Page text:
When I heard that Hemingway had died, I became Hemingway. I imagined him taking the shotgun, I imagined him the way he did it, and the feel. Did the barrel cling on his teeth? How did it feel? I imagined the moment of death. Whenever I read about a suicide, I do that. And, in a sense, whenever I’m having a character in my films die, I’m rehearsing my own death.

I want to touch on catharsis. You routinely insist on catharsis in your films as a benefit and a raison d’être for horror as a genre, and yet I’ve rarely consumed the work of an artist that leaves me feeling less cartharsis than yours.

Yeah. Yeah. Well, it’s the catharsis of the ambivalent. Maybe that’s what I’m selling to you here. If you’re simplistic, or your work is simplistic, or you choose to make it simple, then there can be a simple catharsis; and you get that in soap operas, you get it in the traditional comedy, where things are tied up in the end and everything feels all right after you’ve gone through some perilous moments. And maybe, the catharsis in my films is more complex, in that it is my reconfirming that things are not simple, not easily — perhaps not ever — resolvable. When I’m feeling . . . when I need a book, I don’t want a book in which everything is sweet and neat and nice. What book do you take to the island with you? What really consoles you? Is it something that tells you everything is all right? Is that really consolation? I feel that it’s not.

But even with the intellectual ramifications of doubt, which your work provides, it seems like one could have those and still provide the audience more release and recovery.

It sounds like trout fishing [laughs]. You catch them, say hi! and throw them back.

You’ve caught them in the theater — the audience as trout!

And maybe I don’t want to let them go. Maybe catharsis is, literally, letting them off the hook too easily!

I’m not insisting that catharsis is the be-all and end-all, I’m just pointing out that it’s a mechanism that seems to be there. And obviously, it can vary hugely from work to work. But certainly when you begin to mix your blood with the characters in the film, or if it’s a scary film, you’re mixing your own anxieties with the anxieties that are being played out in the film, the catharsis does not purge, it makes clear. I suppose my version of it is not totally classical. It’s like the frame isolating things out of the chaos on the set. It’s sort of saying: For the moment we’re going to concentrate on this. I’m not saying this is the whole world, but for the next two hours it’s going to be your world, it’s going to be our world together, we’re really going to dive in deep, and we’re going to explore all the aspects of it. To me, that is cathartic, right there. It doesn’t have anything to do with whether there is a happy ending.

Because your work is certainly less classically cathartic than, let’s say, a filmmaker like Oliver Stone’s, to make maybe the boldest, capital-letter example: ‘Platoon,’ where at the end of the film, if it works, there’s a wash of emotion — you’ve really bathed in that bath of feelings.

[Laughs] Are you saying his films are bathetic?

Or you may be very upset in ‘Born on the Fourth of July’ that Tom Cruise has a terrible experience in the VA hospital, but by the end, you’ve recovered, because in the grand —

Well, that’s because Oliver Stone is afraid to say the truth. For all the shouting, he’s still not quite able to deliver the final blow, which is that Cruise had these horrible experiences in the VA hospital and it didn’t mean anything. And it didn’t have to happen. And it really has fucked the guy’s life, and nothing can be done about it! That’s the truth that maybe is not speakable for Oliver Stone, I don’t know. It’s a hard truth. And the truth does not really lend itself to the dramatic structures that are immediately available to the Hollywood filmmaker. I’m not saying absolute truth, because I don’t think there is absolute truth, but in the particular construct which you are dealing with for two hours, there can be relative truths that mean something. To the extent that you are a Hollywood filmmaker, you have to buy the several suits that are on the rack. And you have to expand or contract to fit them.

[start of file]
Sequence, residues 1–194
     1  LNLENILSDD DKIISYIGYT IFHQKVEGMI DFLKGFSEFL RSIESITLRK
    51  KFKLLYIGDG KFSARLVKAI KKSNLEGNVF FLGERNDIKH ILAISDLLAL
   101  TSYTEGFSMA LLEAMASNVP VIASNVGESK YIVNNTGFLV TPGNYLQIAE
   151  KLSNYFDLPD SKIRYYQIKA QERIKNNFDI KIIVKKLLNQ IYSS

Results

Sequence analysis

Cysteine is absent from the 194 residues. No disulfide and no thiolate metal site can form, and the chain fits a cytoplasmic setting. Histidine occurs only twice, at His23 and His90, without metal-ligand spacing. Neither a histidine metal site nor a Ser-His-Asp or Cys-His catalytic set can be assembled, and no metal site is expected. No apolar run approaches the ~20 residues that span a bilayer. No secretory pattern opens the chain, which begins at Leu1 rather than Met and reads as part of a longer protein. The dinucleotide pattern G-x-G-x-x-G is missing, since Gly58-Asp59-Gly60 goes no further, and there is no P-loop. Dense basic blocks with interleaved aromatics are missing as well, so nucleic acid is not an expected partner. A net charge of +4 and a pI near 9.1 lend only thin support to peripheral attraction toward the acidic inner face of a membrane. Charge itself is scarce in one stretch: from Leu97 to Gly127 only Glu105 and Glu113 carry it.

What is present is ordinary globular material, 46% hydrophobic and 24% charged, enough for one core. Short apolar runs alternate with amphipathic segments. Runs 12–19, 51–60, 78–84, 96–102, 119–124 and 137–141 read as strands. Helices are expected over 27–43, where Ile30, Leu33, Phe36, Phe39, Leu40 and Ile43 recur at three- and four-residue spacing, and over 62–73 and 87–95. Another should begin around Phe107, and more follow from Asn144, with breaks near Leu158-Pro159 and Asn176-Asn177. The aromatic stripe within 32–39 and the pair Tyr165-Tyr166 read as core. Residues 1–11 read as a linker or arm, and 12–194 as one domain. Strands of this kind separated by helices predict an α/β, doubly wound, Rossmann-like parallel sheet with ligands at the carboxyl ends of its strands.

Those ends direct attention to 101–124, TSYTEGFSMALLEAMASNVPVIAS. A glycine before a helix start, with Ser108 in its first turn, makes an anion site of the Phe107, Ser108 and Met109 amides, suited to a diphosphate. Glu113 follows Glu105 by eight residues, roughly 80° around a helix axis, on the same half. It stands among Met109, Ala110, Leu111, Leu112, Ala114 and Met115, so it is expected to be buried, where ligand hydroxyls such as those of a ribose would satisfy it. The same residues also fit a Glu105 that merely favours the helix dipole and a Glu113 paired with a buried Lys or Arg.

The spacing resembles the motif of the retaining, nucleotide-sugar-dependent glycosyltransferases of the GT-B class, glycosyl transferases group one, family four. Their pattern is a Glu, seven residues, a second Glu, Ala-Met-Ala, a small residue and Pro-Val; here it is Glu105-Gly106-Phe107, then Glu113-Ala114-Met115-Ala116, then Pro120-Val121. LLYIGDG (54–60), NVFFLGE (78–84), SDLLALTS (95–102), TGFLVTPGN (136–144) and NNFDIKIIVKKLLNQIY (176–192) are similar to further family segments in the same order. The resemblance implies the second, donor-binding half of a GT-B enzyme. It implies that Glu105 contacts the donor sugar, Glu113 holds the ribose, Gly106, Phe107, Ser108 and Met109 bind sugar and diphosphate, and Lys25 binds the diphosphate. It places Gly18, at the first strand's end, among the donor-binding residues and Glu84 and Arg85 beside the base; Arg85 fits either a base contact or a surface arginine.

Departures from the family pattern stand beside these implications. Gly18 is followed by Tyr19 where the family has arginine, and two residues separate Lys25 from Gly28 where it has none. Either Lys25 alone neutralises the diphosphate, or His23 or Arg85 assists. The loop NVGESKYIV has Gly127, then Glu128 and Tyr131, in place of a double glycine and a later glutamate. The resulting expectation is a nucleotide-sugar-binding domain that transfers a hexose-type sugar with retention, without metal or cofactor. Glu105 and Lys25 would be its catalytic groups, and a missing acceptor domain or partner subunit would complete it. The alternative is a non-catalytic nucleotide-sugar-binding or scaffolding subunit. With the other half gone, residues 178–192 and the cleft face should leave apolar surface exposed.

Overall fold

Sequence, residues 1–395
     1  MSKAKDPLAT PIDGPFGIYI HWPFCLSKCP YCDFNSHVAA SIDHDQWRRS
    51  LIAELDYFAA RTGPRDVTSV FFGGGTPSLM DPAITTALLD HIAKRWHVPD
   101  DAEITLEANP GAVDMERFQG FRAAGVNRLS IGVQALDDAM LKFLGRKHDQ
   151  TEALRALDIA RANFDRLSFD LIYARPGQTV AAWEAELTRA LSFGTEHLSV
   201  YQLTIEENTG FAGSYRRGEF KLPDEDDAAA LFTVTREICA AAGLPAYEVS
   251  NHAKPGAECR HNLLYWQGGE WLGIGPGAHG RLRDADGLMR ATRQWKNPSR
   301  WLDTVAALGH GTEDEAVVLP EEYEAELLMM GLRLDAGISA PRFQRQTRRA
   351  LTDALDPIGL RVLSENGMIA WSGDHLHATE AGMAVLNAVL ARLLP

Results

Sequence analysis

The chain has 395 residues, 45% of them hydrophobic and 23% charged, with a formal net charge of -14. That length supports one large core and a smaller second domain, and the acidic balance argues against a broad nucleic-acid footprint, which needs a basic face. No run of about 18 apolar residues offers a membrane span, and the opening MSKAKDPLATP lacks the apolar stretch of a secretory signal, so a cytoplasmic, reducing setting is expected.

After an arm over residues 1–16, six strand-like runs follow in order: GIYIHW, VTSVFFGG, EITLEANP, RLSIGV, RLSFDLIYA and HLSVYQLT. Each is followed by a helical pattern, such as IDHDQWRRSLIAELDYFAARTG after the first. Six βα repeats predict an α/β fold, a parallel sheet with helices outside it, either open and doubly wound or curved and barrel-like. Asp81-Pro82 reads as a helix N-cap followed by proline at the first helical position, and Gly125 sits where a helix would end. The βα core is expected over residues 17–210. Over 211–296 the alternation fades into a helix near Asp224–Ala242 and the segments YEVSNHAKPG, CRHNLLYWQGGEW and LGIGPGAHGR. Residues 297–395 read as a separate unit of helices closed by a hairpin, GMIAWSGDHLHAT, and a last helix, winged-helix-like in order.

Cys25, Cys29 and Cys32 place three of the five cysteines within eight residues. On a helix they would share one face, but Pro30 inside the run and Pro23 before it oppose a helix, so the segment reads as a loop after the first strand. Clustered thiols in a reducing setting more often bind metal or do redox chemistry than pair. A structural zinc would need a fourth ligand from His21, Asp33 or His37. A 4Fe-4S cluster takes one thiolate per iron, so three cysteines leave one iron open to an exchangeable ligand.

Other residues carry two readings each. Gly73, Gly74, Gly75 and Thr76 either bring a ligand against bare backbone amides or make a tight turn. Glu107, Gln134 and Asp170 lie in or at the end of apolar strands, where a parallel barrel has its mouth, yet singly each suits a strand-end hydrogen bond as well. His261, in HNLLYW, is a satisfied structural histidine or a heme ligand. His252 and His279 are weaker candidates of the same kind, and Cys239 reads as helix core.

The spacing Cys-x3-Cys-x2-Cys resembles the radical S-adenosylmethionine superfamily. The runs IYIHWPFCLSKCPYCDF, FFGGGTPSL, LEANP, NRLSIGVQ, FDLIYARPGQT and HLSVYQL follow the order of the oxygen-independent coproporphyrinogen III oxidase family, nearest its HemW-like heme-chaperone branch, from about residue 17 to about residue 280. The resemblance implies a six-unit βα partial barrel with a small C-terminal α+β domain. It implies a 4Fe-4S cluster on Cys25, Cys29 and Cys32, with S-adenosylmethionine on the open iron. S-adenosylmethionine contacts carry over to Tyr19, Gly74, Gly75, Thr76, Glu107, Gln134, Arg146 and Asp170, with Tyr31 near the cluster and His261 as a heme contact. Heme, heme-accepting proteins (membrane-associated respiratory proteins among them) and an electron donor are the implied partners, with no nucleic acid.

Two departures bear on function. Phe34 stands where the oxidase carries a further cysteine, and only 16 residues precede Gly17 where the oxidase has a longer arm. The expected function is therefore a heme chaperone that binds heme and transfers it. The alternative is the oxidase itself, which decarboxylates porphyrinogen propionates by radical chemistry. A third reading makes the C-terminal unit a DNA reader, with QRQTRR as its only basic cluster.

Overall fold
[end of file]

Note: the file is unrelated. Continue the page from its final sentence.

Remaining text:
The transformational aspects of love, relationship and the body itself — the mutating possibilities — is something that you verbally have endorsed as exciting, inventive, attractive; and yet your films, in a very different way, always show those sorts of mutations and transformations in a quite horrific light.

Hmmm. Dramatically, of course, something that goes wrong is always more interesting than something that goes right. I have to confess to being part of that structure. It’s Shavian: Conflict is the essence of drama. I mean, if a guy transforms into a fly and it’s really nice and everybody likes it, you know, what have you got? You’ve got a comedy on TV. But you don’t have heavy-duty dramatic stuff. So that’s part of it.

And the other part is that I’m perhaps admitting in the films what might be potentially positive in theory is maybe quite difficult to manipulate to the point where it’s positive in practice. I’m trying to say: Well, what happens when we put this theory into practice? That’s the extent to which my films are my little lab experiments. I say: Let’s try it out. Here’s a guy who’s transforming into this, and uh-oh, I see a problem, it’s not turning out so nice, what’s he going to do? In a way, it’s play. It’s the way children play to try things out.

Do you ever feel trapped by your own reputation of going further than other people will go? That people carry with them a certain expectation when they see a Cronenberg film?

No, I love disappointing people’s expectations. I really do. It’s a perverse power trip for me. So, in fact, no, I don’t feel the slightest bit trapped. I’m very stubborn. And I really just do what I fucking well want.

So you don’t still feel any kind of compulsion to show the unshowable and speak the unspeakable that you did earlier?